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					Volume 17, Number 7–July 2011

Letter


Human Herpesvirus 1 in Wild
Marmosets, Brazil, 2008
Camila S. Longa, Sávio F. Bruno, Amaury R. Pires, Phyllis C. Romijn, Leda S.
Kimura, and Carlos H.C. Costa
Author affiliations: Empresa de Pesquisa Agropecuária do Estado de Rio de Janeiro,
Niterói, Rio de Janeiro, Brazil (C.S. Longa, P.C. Romijn, L.S. Kimura, C.H.C. Costa);
Universidade Federal Fluminense, Niterói, Rio de Janeiro (C.S. Longa, S.F. Bruno); and
Secretaria de Agricultura, Pecuária, Pesca e Abastecimento do Estado do Rio de
Janeiro, Niterói, Rio de Janeiro (A.R. Pires)

Suggested citation for this article

To the Editor: Human herpesvirus 1 (HHV-1) infections in New World monkey
species, especially in the Callithrichid family, have been described (1–6), but most
reports have discussed experimental infections or isolated spontaneous infections in pet,
zoo, or research animals. We report an outbreak of HHV-1 in wild marmosets
(Callithrix spp.) in the city of Rio de Janeiro, Brazil.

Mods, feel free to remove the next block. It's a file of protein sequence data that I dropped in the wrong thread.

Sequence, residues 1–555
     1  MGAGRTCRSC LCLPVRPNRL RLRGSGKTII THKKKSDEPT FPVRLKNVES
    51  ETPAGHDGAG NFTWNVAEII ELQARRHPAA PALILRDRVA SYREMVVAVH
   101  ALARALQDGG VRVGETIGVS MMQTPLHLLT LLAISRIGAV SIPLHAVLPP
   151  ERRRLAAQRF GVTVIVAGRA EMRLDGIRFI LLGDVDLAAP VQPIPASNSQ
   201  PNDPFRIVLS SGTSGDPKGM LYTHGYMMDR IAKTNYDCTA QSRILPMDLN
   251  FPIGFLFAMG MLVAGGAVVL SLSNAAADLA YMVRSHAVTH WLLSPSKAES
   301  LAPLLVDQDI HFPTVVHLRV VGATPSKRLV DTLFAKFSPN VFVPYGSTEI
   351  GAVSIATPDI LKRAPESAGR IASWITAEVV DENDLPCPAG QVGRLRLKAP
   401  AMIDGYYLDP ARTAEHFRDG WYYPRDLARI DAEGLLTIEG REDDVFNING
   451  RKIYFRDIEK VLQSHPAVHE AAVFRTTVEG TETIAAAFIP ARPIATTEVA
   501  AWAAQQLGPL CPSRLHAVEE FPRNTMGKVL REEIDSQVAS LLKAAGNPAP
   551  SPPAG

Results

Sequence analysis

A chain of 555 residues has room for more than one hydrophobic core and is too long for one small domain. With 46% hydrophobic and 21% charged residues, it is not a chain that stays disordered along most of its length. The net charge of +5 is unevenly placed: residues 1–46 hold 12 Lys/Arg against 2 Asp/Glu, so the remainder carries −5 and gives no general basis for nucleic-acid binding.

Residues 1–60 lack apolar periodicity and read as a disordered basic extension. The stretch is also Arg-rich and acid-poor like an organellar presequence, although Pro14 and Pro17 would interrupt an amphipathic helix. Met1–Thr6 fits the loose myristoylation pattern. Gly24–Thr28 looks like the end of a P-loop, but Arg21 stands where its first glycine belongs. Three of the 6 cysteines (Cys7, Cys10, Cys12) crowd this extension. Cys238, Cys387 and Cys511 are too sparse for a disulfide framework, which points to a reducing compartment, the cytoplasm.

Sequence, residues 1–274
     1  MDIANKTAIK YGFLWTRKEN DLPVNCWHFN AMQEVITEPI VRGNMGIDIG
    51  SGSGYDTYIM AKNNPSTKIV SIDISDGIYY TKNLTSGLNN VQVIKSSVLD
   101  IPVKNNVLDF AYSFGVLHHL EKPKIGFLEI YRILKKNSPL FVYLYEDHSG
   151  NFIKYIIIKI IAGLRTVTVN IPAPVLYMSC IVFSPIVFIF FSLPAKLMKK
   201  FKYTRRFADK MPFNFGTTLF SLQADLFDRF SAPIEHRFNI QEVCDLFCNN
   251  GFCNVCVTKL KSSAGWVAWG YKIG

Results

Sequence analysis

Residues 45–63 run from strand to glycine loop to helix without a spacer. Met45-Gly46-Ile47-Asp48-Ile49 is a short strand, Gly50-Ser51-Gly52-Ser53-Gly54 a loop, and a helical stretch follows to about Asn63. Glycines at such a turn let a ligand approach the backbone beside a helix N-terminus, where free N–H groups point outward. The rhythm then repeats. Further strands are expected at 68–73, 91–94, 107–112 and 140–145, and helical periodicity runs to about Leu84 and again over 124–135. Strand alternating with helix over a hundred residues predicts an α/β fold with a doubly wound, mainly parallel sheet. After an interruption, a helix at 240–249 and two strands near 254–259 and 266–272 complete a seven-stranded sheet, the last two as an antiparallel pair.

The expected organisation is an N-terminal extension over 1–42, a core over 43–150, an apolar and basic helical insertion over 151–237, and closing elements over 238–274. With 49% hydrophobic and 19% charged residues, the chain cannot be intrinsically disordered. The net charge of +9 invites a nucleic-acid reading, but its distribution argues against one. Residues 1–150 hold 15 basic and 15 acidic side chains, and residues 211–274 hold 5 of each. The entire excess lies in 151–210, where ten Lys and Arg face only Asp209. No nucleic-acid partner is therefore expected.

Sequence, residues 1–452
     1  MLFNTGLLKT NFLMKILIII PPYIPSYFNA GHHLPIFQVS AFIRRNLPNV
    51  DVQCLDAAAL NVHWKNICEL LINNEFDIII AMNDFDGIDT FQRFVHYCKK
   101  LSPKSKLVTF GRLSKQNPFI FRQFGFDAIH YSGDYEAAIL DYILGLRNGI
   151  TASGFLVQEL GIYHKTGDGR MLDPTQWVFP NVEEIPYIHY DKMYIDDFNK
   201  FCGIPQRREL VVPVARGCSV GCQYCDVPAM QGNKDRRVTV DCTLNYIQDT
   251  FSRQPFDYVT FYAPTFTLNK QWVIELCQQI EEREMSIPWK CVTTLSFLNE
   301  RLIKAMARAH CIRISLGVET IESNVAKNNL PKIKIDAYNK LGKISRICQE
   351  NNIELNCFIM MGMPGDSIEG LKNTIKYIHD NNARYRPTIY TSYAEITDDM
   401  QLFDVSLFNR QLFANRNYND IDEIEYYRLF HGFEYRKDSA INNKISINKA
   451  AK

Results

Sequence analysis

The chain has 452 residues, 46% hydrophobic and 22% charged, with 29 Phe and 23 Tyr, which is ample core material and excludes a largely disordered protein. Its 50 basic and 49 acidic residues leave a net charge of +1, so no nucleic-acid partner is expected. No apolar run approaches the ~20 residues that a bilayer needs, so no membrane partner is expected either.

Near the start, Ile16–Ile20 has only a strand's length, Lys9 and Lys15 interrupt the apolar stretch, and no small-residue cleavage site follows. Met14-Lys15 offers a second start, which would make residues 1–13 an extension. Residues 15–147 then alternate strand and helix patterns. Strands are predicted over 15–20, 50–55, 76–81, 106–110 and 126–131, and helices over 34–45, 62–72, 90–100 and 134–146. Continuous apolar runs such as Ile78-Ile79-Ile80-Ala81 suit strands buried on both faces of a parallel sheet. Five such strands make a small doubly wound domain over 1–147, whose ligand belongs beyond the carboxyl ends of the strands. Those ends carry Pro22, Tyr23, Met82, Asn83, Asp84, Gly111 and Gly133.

In October 2008, the Empresa de Pesquisa Agropecuária received 5 marmosets
(Callithrix spp.) from the Campo Grande district of Rio de Janeiro for necropsy. These
animals were usually fed by residents of a condominium complex and were having
neurologic signs and severe prostration, physiologic changes suggestive of herpesvirus
infections. Euthanasia, followed by necropsy and histopathologic examinations to
determine the cause of illness, were recommended.

                                                                         Figure




                                                                 Figure. Microscopic
                                                                 lesions of brain caused
                                                                 by human herpesvirus
                                                                 1 infection in
                                                                 marmosets...


                                                                    Appendix Figure
The primary changes observed during necropsy were vesicular
and necrotic plaques on tongues (Appendix Figure, panel A)
and ulcerations in oral mucosa of all examined animals, as
well as large lymph nodes of the cervical region, mainly
retropharyngeal. Three animals showed marked brain
congestion (Appendix Figure, panel B). Other alterations were
splenomegaly, lung congestion, and adrenomegaly.